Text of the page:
Lean, Clean, Green

The mantra of Lean, Clean and Green is as important as ever. To reduce carbon and energy bills for residents, the following must apply:

  • Lean: a fabric first approach to reduce the amount of energy required in the first place to heat our homes. The direction of travel here is very much towards increased wall construction thicknesses and better air tightness, which will make Passivhaus standards the ever more likely goal.
  • Clean: to supply clean energy within the UK, which means continuing with the de-carbonisation of the electricity grid.
  • Green: to use renewable energy sources as much as possible, which creates a significant role for Heat Pumps.
Introducing Heat Pumps

We’ve all been using heat pumps for years – the most common example being a fridge, which is essentially an insulated box with a heat pump system connected to it. A heat pump is an electrical device that extracts heat from one place and transfers it to another. The transfer of heat is via circulating a refrigerant through a cycle of evaporation and condensation. A compressor pumps the refrigerant between two heat exchanger coils. In one coil the refrigerant is evaporated at low pressure and absorbs heat from its surroundings. The refrigerant is then compressed en-route to the other coil, where it condenses at high pressure, and at this point it releases the heat absorbed earlier in the cycle.

There are two basic types that can be used to generate heat as follows:

  • Air Source Heat Pumps – absorb heat from the outdoor air
  • Ground Source Heat Pumps – draw heat from the ground or ground water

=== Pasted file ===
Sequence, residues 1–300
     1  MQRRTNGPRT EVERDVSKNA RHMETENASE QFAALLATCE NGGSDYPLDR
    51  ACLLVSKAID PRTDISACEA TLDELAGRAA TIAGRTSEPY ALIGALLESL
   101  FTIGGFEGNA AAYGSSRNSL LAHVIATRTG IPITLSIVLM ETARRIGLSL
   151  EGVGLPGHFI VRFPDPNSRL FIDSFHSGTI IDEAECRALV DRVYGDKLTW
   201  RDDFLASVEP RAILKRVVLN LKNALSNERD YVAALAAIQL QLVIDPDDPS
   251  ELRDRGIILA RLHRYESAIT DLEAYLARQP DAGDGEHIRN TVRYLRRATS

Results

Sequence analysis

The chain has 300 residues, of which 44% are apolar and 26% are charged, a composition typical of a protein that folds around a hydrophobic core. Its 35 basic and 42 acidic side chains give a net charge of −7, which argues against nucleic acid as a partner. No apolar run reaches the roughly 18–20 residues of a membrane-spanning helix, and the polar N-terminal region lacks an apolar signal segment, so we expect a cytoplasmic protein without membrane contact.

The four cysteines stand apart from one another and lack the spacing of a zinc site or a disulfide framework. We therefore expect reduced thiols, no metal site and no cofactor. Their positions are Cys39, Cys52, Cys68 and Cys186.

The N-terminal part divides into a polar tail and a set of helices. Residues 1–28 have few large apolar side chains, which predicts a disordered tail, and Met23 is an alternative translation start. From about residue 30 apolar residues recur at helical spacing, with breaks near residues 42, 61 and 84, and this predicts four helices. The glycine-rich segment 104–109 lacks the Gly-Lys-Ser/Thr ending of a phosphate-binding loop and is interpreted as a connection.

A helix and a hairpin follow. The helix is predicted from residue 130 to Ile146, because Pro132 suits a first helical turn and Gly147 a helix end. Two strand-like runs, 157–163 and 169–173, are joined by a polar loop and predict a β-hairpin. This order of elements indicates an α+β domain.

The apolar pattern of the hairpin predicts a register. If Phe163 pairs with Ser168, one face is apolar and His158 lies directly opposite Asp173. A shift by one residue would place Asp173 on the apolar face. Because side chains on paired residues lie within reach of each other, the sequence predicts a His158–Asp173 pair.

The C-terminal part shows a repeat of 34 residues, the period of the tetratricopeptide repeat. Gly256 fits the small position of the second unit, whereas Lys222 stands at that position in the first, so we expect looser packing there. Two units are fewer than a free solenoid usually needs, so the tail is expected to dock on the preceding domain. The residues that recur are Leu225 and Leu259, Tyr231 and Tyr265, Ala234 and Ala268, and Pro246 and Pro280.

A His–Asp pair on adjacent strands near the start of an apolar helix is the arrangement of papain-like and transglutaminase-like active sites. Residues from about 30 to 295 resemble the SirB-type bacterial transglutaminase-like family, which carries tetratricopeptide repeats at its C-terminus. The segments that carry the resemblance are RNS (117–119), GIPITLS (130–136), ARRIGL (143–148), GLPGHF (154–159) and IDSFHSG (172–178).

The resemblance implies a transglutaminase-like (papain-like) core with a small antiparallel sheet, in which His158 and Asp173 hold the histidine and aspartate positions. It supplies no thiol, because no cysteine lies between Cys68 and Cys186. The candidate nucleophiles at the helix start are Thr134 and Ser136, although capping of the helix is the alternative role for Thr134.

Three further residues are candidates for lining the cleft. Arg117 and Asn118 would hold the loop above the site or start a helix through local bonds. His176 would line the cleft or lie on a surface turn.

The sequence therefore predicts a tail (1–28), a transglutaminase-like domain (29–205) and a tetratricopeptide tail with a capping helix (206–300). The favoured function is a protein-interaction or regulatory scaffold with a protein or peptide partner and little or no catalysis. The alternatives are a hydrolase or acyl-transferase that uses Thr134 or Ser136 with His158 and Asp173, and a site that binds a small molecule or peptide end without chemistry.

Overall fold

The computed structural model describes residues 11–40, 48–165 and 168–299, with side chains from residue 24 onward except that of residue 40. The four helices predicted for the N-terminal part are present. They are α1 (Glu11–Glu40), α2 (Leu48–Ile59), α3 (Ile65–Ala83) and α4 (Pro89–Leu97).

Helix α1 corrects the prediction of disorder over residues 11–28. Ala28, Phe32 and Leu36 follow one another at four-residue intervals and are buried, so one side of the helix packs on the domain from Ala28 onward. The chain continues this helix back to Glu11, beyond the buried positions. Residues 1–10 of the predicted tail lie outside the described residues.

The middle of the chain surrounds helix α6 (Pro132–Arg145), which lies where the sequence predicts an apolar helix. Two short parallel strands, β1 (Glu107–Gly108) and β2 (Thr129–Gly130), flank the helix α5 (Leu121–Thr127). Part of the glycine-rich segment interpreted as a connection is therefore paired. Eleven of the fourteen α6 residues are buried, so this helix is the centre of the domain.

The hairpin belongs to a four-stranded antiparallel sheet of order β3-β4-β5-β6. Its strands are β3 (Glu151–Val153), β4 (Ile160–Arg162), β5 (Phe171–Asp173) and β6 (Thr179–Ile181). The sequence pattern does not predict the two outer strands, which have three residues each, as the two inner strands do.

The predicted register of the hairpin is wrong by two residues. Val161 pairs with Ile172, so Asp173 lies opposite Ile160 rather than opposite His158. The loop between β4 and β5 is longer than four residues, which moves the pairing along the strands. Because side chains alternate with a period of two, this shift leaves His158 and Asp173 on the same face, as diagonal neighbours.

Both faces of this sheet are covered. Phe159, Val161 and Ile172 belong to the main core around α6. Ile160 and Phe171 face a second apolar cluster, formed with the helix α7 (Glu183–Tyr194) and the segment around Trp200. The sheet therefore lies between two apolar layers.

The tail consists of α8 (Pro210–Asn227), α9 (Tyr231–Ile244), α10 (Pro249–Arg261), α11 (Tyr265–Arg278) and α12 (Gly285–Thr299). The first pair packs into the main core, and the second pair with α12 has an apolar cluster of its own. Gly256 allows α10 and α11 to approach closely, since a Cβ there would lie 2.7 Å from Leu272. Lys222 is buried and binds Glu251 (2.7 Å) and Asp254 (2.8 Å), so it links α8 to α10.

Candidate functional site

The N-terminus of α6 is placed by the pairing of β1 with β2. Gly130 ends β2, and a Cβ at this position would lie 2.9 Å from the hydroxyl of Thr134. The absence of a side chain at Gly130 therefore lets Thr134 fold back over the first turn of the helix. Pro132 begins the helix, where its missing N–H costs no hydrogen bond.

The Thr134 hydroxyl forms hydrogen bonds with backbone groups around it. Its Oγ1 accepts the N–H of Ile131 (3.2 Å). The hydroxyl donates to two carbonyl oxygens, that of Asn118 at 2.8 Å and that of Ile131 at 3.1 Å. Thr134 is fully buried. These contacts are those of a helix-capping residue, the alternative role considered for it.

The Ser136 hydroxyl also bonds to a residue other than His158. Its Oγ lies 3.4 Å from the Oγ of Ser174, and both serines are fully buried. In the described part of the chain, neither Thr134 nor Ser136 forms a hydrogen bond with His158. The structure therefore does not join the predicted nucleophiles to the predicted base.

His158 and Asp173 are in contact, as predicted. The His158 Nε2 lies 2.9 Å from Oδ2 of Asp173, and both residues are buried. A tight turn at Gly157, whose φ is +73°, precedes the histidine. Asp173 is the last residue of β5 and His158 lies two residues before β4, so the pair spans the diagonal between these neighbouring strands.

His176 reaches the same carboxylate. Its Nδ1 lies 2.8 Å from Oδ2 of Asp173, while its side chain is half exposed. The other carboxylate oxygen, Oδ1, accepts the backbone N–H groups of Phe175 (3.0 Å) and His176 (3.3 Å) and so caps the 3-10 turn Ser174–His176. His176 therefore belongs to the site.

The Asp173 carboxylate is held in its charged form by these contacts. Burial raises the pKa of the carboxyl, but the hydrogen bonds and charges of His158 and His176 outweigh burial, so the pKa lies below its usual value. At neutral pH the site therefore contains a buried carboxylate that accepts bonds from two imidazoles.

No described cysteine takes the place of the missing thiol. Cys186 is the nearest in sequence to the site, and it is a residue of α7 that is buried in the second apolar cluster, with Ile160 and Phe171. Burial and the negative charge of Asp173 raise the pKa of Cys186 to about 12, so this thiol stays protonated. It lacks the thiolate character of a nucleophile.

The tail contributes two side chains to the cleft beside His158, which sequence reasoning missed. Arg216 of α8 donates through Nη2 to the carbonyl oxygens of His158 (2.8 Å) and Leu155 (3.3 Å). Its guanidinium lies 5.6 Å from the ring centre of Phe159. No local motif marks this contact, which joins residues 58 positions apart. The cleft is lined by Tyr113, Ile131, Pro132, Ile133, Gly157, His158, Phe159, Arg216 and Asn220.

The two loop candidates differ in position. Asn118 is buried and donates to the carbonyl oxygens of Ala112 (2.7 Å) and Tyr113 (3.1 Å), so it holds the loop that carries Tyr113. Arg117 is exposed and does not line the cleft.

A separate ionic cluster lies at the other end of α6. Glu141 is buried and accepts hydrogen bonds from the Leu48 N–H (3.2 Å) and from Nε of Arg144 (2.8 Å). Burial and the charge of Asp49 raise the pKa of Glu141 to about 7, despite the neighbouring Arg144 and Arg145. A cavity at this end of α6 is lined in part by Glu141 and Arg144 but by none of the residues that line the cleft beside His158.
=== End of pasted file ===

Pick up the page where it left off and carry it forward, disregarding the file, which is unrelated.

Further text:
Both of the above transfer the heat they draw to a heating and/or hot water system within a dwelling via a heat exchanger.

Currently, the ability to reduce carbon emissions in the UK is restricted by the efficiency of gas boilers to convert gas to heat. Gas boiler technology can only be improved so far and 89% efficiency is the best that can realistically be hoped for, meaning that the UK will not be able to get to a Net Zero position if we continue using gas. Conversely, Heat Pumps have high efficiencies of at least 300%, providing a real opportunity to drive towards the Net Zero goal.

Other Emerging Technology – Hydrogen

Hydrogen can be considered a Zero carbon fuel as the output is water when it is burned to produce heat. In theory, we can introduce more hydrogen into the gas network to reduce its carbon intensity. £500M has been included for it in the 10 Point Plan and it has recently been announced that 300 Scottish homes are going to be connected to a pure hydrogen grid through the H100 Fife project.

However, there are two issues with hydrogen.

Firstly, it’s quiet explosive. Homes have been constructed at a UK test site with hydrogen-ready domestic boilers installed to evaluate safety, and results will come from that evaluation in due course.